Fewer than half of primary care doctors surveyed said they test patients 65 and older for problems with memory and thinking, according to a report released by the Alzheimer’s Association. Only 16 percent of older patients surveyed said they receive regular cognitive assessments during routine health checkups according to the report. In contrast, 91 percent of seniors say their annual visits include a blood pressure check, and 83 percent say they include a cholesterol test.
A cognitive assessment only takes a few minutes and may include questions for the patient or the patient’s family, observing the patient’s interactions, and using short verbal or written tests.
Medicare has made a cognitive evaluation a required part of annual wellness visits, but many doctors remain hesitant to broach the subject of cognitive testing with older patients, often waiting for seniors to bring up troubling symptoms.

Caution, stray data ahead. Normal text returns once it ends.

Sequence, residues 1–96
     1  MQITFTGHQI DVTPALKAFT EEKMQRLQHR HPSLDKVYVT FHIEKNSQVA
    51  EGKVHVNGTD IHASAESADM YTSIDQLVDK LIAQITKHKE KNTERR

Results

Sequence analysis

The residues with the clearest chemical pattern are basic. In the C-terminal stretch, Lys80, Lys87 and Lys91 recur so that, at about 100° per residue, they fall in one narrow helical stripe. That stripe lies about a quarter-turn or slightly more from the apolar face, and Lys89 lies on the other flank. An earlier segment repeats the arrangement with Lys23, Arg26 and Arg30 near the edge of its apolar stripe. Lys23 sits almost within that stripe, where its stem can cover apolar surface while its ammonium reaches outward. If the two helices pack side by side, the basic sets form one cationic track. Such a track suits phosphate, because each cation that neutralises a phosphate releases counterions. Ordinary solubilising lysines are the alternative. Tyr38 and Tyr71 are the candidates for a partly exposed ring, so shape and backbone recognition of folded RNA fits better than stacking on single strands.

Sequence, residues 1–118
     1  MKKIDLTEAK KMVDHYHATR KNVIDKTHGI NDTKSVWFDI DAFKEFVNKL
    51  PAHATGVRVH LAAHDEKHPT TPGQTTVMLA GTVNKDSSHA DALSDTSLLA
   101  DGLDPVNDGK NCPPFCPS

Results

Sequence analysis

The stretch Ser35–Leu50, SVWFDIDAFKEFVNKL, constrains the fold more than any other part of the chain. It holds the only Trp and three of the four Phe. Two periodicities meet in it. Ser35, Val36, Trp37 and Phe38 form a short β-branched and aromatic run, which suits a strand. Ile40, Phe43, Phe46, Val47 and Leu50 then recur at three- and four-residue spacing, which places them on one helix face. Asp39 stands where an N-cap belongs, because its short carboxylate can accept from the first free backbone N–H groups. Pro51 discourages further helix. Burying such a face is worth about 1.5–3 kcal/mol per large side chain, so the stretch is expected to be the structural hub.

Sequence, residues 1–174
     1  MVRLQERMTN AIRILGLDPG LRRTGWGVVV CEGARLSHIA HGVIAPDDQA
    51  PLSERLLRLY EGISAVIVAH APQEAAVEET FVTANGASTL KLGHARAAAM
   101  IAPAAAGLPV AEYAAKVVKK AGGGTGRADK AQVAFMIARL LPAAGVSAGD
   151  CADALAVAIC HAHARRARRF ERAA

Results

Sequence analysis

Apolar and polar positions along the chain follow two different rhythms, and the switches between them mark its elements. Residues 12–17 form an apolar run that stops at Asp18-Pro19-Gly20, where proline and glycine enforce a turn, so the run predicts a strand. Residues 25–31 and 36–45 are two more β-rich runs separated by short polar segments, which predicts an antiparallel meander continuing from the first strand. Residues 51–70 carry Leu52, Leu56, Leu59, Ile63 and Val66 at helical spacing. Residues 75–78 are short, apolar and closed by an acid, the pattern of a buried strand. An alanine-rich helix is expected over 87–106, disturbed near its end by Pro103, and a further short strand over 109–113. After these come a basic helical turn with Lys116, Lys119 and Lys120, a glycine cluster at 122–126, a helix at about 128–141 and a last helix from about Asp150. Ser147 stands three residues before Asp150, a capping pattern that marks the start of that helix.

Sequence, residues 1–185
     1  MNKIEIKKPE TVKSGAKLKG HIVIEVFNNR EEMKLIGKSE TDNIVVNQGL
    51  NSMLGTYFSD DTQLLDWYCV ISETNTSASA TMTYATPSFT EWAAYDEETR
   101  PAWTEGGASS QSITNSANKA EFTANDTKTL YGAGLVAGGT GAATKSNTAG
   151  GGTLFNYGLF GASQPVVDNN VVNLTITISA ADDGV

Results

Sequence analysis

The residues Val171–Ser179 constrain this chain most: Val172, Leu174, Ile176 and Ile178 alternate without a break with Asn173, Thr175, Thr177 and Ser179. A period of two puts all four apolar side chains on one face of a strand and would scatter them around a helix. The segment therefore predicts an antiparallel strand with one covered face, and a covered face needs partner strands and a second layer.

Cognitive tests make sense when a doctor suspects a problem, but they probably won’t become a routine practice until researchers develop an effective treatment for Alzheimer’s disease. Although the evidence on routine screening is lacking, there may be important reasons to identify early cognitive impairment. Brittany Elko from the Jewish Home talks about brain health and offers cogitative screens every month at the JCC in Kingston. Join the discussion and take an assessment to evaluate symptoms that might be raising concerns!